When events occur in a setting of great physical or emotional stress, the likelihood is for diminished reliability when those who were under stress report what they believe happened. We should not expect persons who are being tortured or suffering a severe personal loss or are engaged in an angry argument to remember with precision all that transpired. Under such conditions, there is scant opportunity to commit the experience immediately to writing.

Awesome in scope and awesome in evil, the Holocaust raises difficult questions when survivors engage in autobiography. There is at once the obligation to bear witness and to remember and the obligation to be truthful. Is it possible to be faithful to each of these responsibilities? In the early years after the Holocaust, we were in the main Jews of silence and this was true, as well, of survivors. We were too close to the pain and the loss and also busy with other matters. We weren’t building Holocaust memorials and the Holocaust literature was sparse.

As time passed, we awoke to what had befallen our people and what followed this awakening is a continuing escalation in Holocaust books, movies, exhibits, memorials and much more, so that nearly two-thirds of a century after Auschwitz claimed its final victims and the ranks of survivors have greatly thinned, Holocaust memory and commemoration are more alive than ever before. If only because of the passage of so much time, this adds to the question of reliability.

This issue arose, in fact, with the publication of perhaps the greatest of all Holocaust remembrances, Eli Weisel’s “Night.” There is controversy over different editions and whether the book should be considered an eye-witness report or “an autobiographical novel” or some variation on this theme. The ground was covered several years ago in a notable New Republic essay by Ruth Franklin.

Eli Weisel knows that some of his stories did not happen, yet they remain truthful because they are surrogates for horrific events that did happen. This literary device is appropriate and probably inevitable because in Auschwitz all was night, all was pain and loss. There are antecedents in our liturgy for this approach to tragedy, as for example in the Lamentations read on Tisha b’Av. One of these is “Eleh Ezkerah,” which is also recited on Yom Kippur in a different version. It tells of the barbaric murder by the Romans of ten transcendent talmudic sages. The language is gripping as we read of their being cruelly killed one after another, something that could not have happened as they lived generations apart. The intent is to create a mood, to describe in language that we can understand tragic events that were beyond comprehension. So, too, the Holocaust.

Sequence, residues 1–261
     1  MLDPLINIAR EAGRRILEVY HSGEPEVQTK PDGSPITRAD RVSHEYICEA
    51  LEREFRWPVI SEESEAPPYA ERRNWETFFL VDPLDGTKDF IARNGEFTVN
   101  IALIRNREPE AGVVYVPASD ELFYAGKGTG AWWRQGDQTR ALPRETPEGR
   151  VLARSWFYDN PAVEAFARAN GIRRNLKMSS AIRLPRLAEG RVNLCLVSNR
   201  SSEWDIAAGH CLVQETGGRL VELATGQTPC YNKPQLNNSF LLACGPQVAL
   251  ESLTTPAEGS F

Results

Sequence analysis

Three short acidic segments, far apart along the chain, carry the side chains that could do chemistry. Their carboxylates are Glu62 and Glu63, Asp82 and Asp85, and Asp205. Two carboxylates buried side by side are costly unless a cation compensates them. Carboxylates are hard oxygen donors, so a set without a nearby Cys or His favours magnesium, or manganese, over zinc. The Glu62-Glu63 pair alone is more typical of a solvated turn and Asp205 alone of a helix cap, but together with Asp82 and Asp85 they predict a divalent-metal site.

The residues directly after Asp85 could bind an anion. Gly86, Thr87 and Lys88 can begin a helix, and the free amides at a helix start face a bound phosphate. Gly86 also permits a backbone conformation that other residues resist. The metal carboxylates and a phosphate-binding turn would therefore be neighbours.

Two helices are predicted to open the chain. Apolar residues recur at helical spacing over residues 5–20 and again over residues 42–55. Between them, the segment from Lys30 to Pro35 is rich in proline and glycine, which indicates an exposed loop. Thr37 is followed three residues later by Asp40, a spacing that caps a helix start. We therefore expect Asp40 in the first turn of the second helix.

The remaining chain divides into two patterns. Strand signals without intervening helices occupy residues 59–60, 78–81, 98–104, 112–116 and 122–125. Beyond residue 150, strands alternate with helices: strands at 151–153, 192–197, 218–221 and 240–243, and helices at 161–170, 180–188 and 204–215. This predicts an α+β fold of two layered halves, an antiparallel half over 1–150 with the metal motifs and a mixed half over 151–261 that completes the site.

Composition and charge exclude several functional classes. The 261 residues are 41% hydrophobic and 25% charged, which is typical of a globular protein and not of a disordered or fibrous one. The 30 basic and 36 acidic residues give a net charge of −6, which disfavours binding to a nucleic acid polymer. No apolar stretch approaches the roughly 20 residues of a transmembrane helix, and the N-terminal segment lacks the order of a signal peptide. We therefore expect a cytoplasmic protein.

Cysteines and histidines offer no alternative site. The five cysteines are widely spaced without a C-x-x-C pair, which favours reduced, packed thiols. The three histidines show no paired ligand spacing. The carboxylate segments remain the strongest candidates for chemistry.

This necessity to employ in Holocaust memoirs events that did not happen as surrogates for those that did does not justify total fabrications. For sure, there have been some. One example is Herman Rosenblat’s Buchenwald invention of the love story about a young girl, later his wife, who passed apples to him across the concentration camp’s fence. The tale has achieved much attention and the Oprah treatment, with a memoir slated to be published when it was revealed to be a fiction and Rosenblat owned up to the truth.

This was bad enough. As we know from our ethical teachings, a sin begets other sins and so worse than Rosenblat’s original sin are the cascades of anger directed at him. One writer in this newspaper said that Rosenblat is worse than a Holocaust denier. Other critics have not been much kinder. It does not require either the acceptance of falsehoods or a bleeding heart to plead for understanding. The man was in Buchenwald, he suffered and he is a survivor. I believe that Holocaust survivors who were in the death camps deserve some slack, not to fabricate but to be immune from piling on when they do.

Again, memory is fickle and plays games and there is a tendency toward embellishment and distortion, especially when what is being recollected attracts an audience. Rosenblat is an extreme example of a tendency inherent in human experiences. The more Holocaust survivors have an audience, the more likely it is that they will add to and change what they experienced and along the way some will come to believe that the stories they now tell in fact happened. I know well a man with the Auschwitz numbers engraved on his arm who over the years has substantially altered and embellished what he experienced in Hell.

The worst fallout from the Rosenblat affair is the license it gives to those who mock Holocaust remembrance. A sickening example is in The New Yorker (January 19), in the “Shouts & Murmurs” space that once was reserved for first-rate humorists and increasingly has been occupied by mediocrities. One of these is Ben Greenman, a sub-sophmoric writer who attempts to parody Rosenblat’s tale. There isn’t a funny line in the piece. It is, rather, an example of moral pornography. Where are the protests?